Valentine’s Day ‘condom caper’ promotes safe sex on Calvin’s campus

Hang on for a minute...we're trying to find some more stories you might like.


Email This Story






‘When she first heard about the condoms in the library, Carla Hotz thought the Hekman Library, where she works as head of access services, had been pranked. Instead, an unknown person or group had distributed hundreds of condoms all across campus for Valentine’s Day.

The condoms were set up in little bowls and displays in many campus bathrooms.

“Use protection. Get tested. Safe sex goes beyond preventing pregnancy,” read the notes attached to the condoms. “Happy Valentine’s Day,” the notes wished students. The papers had what at first glance looked like the Calvin seal, but at a closer look reveals a parody of the seal.

Hotz explained that both she and the campus safety officer who came to get the condoms suspect whoever did it placed the condoms the night before. But as of yet, no one in Calvin’s administration knows who did it.

Kyle DeWeerd
A handful of condoms found in the library’s bathroom.

“The ‘condom caper’ was an interesting way to start the day on Valentine’s Day. No one was (or is) aware of the source of the displays in many restrooms on campus,” explained dean of students John Witte. He confirmed that the actions were not authorized. Calvin supports saving sex for marriage in the student conduct code, and therefore would never give out condoms to students, he explained.

“While we appreciate the sentiment that sexual activity should be ‘safe,’ both from unwanted pregnancy and sexually transmitted diseases, we’d add a bit to this narrative, as you can guess,“ Witte said. “Our best advice, taken from God’s best advice, is to place sex safely within the covenant of marriage.”

This is not true for all surrounding schools. At Grand Valley State University, condoms are sold in the campus store, and free ones are given out at a few offices, according to GVSU senior Madeline Van Reese.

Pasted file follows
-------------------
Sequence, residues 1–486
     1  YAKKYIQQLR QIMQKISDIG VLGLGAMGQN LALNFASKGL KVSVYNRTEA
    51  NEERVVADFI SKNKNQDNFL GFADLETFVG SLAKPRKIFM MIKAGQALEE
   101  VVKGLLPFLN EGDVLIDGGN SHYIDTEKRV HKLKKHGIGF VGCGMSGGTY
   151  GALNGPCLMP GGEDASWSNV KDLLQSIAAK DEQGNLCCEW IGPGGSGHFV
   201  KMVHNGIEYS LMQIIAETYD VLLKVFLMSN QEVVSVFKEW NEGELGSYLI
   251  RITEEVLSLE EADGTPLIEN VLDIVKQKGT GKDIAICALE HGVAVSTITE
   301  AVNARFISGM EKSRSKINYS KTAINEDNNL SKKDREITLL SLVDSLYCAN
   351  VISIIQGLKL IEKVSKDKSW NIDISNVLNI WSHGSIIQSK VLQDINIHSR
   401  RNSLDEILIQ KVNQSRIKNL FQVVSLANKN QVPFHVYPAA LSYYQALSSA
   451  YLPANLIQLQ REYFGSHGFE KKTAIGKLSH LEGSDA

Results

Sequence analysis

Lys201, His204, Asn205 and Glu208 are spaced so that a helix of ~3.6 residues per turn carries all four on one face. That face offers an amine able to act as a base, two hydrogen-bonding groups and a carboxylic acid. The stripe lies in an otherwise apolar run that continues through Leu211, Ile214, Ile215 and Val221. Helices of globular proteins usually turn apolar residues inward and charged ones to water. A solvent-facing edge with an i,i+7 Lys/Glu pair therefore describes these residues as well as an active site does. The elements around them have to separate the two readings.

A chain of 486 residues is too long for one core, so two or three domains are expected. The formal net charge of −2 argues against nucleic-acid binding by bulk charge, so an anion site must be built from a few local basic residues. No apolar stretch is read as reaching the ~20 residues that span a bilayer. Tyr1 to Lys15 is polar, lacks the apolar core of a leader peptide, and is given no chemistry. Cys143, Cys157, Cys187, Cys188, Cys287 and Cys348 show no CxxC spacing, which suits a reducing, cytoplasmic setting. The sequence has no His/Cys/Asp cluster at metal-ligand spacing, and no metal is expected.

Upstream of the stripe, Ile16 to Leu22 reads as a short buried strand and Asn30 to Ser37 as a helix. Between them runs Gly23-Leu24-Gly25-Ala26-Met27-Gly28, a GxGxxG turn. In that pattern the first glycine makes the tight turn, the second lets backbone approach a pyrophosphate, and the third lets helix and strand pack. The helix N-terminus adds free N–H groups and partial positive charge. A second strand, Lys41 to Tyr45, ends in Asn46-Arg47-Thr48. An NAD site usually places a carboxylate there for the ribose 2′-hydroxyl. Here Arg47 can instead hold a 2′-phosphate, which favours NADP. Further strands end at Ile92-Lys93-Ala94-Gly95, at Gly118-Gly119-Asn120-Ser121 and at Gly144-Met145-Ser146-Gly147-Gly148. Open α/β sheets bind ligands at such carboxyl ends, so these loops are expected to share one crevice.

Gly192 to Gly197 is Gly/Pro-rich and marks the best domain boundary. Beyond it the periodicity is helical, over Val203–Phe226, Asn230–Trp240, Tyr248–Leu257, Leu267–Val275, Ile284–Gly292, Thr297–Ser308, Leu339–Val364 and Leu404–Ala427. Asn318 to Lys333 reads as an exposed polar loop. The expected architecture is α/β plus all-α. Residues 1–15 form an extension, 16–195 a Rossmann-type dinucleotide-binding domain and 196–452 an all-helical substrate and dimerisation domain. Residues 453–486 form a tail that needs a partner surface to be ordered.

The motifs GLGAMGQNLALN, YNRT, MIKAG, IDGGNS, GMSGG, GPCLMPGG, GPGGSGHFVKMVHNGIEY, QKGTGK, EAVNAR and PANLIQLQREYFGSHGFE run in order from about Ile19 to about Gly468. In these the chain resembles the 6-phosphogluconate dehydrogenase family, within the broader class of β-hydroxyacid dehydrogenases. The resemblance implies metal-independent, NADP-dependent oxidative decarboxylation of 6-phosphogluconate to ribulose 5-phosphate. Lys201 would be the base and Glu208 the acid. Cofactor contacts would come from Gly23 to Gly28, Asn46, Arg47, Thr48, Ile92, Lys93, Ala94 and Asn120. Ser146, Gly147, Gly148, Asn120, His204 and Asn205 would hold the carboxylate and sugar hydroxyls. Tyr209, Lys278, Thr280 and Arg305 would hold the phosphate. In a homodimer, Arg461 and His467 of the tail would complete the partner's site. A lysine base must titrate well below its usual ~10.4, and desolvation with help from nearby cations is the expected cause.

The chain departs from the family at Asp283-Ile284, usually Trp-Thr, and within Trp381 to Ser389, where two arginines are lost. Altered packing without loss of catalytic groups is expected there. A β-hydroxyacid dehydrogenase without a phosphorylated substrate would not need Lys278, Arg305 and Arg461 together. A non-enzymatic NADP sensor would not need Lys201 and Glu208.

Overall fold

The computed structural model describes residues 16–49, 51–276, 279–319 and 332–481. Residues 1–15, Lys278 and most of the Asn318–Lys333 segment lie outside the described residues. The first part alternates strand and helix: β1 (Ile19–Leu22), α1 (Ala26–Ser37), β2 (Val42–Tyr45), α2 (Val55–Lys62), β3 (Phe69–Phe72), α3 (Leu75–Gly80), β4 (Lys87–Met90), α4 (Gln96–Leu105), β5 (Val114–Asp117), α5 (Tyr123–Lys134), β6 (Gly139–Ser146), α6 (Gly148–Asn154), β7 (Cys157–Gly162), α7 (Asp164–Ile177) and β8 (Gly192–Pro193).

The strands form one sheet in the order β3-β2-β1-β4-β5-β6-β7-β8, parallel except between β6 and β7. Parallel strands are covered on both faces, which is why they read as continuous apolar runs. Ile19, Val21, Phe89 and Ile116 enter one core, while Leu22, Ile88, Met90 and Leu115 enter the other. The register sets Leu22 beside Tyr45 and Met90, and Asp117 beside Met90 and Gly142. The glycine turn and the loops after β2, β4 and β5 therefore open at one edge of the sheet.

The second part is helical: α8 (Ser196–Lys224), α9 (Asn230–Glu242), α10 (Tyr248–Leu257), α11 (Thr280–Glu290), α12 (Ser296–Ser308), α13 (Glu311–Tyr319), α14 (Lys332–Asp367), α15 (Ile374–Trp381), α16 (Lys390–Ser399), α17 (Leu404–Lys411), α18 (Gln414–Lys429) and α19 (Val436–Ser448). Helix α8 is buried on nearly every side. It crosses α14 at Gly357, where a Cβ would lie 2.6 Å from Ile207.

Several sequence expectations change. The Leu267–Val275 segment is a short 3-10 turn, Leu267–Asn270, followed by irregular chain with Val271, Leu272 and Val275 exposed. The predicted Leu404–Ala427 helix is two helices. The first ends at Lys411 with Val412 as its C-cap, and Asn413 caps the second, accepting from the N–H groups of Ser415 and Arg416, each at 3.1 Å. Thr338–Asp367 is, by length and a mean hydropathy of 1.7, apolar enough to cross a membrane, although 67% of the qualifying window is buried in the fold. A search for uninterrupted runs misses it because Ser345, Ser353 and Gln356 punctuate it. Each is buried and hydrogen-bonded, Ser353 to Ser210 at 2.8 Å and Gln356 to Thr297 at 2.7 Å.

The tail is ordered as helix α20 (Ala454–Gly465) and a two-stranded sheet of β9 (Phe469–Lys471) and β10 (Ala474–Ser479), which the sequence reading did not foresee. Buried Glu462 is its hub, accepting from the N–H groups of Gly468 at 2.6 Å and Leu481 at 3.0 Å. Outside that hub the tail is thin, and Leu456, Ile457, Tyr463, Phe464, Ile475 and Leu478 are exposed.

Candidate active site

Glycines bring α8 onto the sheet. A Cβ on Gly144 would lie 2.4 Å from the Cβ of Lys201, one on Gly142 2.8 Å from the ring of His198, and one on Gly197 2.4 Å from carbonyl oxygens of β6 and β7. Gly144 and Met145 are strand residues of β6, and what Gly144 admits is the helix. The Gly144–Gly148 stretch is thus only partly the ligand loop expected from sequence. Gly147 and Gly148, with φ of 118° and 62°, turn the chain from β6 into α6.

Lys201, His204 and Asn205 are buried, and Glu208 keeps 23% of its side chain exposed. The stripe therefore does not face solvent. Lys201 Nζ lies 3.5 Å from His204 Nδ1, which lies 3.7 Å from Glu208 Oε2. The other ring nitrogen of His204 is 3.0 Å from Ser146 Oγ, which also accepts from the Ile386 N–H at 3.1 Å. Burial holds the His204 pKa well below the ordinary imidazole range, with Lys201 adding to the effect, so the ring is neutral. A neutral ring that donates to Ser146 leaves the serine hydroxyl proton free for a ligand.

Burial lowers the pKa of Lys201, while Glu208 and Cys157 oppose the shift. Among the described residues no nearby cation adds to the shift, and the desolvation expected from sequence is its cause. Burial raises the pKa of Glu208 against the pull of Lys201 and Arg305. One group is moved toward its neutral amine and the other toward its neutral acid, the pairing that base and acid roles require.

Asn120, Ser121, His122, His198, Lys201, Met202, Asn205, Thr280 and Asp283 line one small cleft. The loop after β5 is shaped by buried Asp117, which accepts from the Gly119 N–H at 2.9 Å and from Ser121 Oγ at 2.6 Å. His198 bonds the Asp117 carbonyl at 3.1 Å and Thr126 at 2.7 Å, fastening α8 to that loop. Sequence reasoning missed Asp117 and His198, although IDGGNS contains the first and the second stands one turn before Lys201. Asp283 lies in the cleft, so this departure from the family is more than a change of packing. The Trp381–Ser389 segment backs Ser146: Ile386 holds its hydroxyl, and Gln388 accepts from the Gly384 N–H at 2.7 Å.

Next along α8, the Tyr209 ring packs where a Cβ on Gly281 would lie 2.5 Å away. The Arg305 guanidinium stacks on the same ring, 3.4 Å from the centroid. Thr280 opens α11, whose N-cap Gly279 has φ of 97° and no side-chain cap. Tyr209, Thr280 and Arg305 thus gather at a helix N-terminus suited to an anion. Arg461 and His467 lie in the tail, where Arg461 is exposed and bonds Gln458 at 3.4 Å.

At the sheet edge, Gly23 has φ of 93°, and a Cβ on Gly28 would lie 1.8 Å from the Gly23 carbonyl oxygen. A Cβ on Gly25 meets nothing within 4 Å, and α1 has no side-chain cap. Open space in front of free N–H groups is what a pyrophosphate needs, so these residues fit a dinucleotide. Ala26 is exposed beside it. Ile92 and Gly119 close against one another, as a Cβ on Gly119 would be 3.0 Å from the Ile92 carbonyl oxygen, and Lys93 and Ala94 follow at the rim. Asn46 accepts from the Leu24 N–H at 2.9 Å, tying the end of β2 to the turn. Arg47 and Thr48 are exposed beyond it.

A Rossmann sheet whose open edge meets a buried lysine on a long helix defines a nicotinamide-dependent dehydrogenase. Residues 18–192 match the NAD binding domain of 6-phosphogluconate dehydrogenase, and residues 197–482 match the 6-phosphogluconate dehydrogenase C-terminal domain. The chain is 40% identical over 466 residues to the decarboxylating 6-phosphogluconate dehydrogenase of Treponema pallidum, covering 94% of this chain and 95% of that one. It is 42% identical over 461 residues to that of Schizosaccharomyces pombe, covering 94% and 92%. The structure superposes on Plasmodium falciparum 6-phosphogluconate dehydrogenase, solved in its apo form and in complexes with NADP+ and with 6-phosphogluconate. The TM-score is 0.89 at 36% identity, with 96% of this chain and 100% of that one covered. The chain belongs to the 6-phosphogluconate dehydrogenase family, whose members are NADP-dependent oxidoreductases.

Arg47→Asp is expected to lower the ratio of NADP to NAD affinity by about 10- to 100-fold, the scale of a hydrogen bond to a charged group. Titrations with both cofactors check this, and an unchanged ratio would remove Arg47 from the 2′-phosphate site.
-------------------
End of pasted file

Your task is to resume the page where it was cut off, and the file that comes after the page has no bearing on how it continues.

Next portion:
“I’m a resident assistant and my staff has planned quite a few programs that include talking about relationships and sex this year,” Van Reese explained.

Many were concerned when they first heard about the condoms, including a Facebook group for Calvin parents. Screenshots of a post concerning the condoms from the private page were soon shared publicly on Twitter. Some parents were concerned the college endorsed the condoms. 

“Parents care deeply about their student’s experience at Calvin,” explained Susan Buist, Parent Relations Coordinator and admin of the facebook page, “and when they send their student to a Christian college, they have high expectations for the type of community and values we will cultivate here.”

She noted the post also sparked discussions about “whether or not it was appropriate to share unconfirmed stories or sensitive topics via Facebook.” The post has since been taken down, she confirmed, after the private post became a part of public discussion.

“It felt like our private parent conversation had become a topic of public gossip, and I removed the thread to quell that,” she said.

Though Calvin doesn’t distribute condoms, it does encourage dialogue around the topic of sex.

“We do want to promote honest conversation, education, and accountability around this important topic,” Witte said. Calvin offers a few programs on human sexuality, like the Sexuality Series, lectures and sermons during LOFT. Witte pointed out the college has an approval process for messaging on campus, “no matter the topic; and why we generally don’t allow outside groups to do this type of messaging within our community.”

Witte explained that Calvin aims to address such topics from a Christian lens “in a way that stays true to our values and commitments.”

It appears not all Calvin students agree with this worldview. As soon as Hotz and her staff found out about the condoms, they removed them — later handing them over to campus safety — and Hotz said she noticed an interesting trend.

“In the women’s [restroom] altogether, we probably had like 50–60 of these,” Hotz explained, but in the men’s restrooms, aside from one on the fourth floor of the library, “there were very few condoms left. There were like three.”